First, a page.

One of the joys of fatherhood is indoctrination. My daughter Alison is eleven years old, and I’ve been filling her head with baseball since her earliest days. At bedtime we’d read stories about Jackie Robinson and Lou Gehrig and Shoeless Joe Jackson, and my heart would fill with pride when she’d identify photos of Josh Gibson or Babe Ruth or tell her mother a story about Cool Papa Bell.
Alison’s interest in baseball has naturally led to a love of the Yankees, and recently she’s begun to gravitate towards certain players. Derek Jeter has always been her favorite, mainly because he’s her father’s favorite, but she’s also become attached to players of her own, like Nick Swisher.
Jorge Posada has been another of her guys, and she’s been bothered by his reduced role this season. (But I’ll never forget the bewildered look on her face last August when I told her that he had played second base.) When Jesus Montero was finally called up on September 1st, I explained to her how excited I was to watch him play since he was the top prospect in the Yankee system.
“What position does he play?”
“He’s a catcher, but he’ll probably just DH this season.”
“But what about Jorge Posada? Where will he play?”
“Well, if Montero plays well, Posada might not play very much anymore.”
Alison’s brow furrowed for just a second before she passed judgment on Montero.
“Then I don’t want him to do well.”
I tried to explain to her that this was the nature of baseball, that as our favorite players age, there will always be younger players waiting to take over for them. I promised her that it happened to all players, even the very best, and that even though it’s a little sad, we might eventually grow to love the new players as much as the ones they were replacing.
“I still don’t want him to do well.” She’s a fan.
Alison happened to be sitting next to me on the couch when Montero came to the plate with the bases loaded in a scoreless game in the bottom of the second. The usually reliable Jon Lester was on the mound, so even though the Red Sox had been wandering the desert for a few weeks, it certainly felt like this was a big at bat. If the Yankees were to squander this scoring opportunity, they might not get another.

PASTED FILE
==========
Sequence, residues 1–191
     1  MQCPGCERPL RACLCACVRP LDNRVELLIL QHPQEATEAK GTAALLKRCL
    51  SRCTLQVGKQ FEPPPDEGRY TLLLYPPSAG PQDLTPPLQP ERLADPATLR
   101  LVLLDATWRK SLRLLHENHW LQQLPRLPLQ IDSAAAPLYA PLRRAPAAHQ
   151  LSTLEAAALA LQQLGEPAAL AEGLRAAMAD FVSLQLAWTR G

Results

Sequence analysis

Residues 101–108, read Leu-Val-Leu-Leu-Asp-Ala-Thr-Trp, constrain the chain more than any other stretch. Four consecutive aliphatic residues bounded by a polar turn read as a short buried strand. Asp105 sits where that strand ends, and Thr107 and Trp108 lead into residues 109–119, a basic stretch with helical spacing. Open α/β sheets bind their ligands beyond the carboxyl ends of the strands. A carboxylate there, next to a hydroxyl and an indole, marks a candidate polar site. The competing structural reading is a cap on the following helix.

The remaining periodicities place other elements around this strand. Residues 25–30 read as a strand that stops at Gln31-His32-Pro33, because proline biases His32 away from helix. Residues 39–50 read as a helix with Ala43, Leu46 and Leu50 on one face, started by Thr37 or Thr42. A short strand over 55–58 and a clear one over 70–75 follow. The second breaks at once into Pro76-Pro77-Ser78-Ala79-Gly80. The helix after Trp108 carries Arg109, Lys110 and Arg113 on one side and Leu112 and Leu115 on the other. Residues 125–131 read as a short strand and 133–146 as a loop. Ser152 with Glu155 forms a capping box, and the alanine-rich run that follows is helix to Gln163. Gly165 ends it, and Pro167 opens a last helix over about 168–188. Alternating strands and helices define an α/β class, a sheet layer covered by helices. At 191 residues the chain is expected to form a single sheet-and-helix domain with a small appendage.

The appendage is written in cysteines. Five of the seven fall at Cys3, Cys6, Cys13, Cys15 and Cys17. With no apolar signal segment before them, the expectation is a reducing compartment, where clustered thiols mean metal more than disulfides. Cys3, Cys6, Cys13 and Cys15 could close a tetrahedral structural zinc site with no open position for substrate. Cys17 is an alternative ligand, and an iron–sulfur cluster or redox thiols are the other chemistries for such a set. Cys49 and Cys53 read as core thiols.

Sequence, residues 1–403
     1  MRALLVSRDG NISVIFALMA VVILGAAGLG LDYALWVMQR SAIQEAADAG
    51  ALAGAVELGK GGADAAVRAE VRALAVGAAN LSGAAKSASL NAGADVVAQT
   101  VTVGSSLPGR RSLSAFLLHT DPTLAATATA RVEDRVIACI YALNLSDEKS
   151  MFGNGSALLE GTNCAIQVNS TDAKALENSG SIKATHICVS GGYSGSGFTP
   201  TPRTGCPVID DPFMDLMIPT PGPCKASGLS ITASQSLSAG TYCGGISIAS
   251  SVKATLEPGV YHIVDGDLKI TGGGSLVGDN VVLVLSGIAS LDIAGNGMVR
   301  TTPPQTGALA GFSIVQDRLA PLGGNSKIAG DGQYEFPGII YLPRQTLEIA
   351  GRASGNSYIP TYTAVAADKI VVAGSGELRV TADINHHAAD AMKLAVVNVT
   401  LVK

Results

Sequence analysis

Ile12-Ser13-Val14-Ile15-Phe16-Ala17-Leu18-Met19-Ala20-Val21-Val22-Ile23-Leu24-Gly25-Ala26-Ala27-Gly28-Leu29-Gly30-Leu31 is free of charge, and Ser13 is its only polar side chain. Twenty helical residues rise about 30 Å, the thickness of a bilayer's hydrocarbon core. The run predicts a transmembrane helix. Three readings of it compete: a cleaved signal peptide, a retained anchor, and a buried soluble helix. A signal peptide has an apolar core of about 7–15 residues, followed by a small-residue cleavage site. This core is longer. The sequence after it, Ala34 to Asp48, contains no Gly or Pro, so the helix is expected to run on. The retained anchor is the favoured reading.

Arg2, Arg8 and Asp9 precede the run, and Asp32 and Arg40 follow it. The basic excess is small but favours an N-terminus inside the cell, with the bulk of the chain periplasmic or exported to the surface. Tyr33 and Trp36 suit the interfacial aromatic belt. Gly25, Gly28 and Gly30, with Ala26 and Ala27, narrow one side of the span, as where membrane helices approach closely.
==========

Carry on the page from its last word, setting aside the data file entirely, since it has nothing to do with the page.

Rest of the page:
“Jesus Montero is up. Let’s see what he can do here.”
“I don’t like him.” She scowled.
Alison isn’t ready to like Montero, but she liked the result of this at bat. After working himself into a 3-1 count, he looped a line drive to left, scoring Robinson Canó and opening up a 1-0 lead. Russell Martin followed that with a single to score two more, and chests began tightening throughout New England. But it would get worse; Derek Jeter was up next. He liked the looks of the first pitch he saw and shot it into the stands in right center field for a three-run home run. Suddenly the lead had doubled to six, and Boston fans couldn’t be blamed for thinking back thirty-three years to another lead that slipped away.
Things got worse still for the Sox in the third, and again it was Montero. He came to the plate with two outs and runners on first and second, and he smoked the first pitch he saw (and the last Lester would throw) to the wall in left center field. Both runners scored, bringing the lead to 8-0. The game wasn’t yet three innings old, and already the Red Sox were resigned to watching the scoreboard and hoping the Rays would lose. (They wouldn’t.)
Montero struck again in the sixth. Leading off against Junichi Tazawa, Montero patiently worked the count in his favor, then effortlessly flicked a 3-1 pitch into the seats in right for the fourth home run of his three-week career. In three at bats he had singled, doubled, and homered, totaling four RBIs. He’s currently hitting .346/.414/.635 with three doubles, four home runs, and twelve RBIs. Sure, it’s a small sample, but it’s enough.
Whether Alison likes it or not, the future has arrived.
For the Red Sox, the future might be arriving faster than they’d like. Saturday’s 9-1 loss coupled with a Tampa Bay win to shrink their lead to two in the loss column, and I’m sure the Yankees would enjoy nothing more than a double header sweep on Sunday.
[Photo Credit: Bill Kostroun/Associated Press]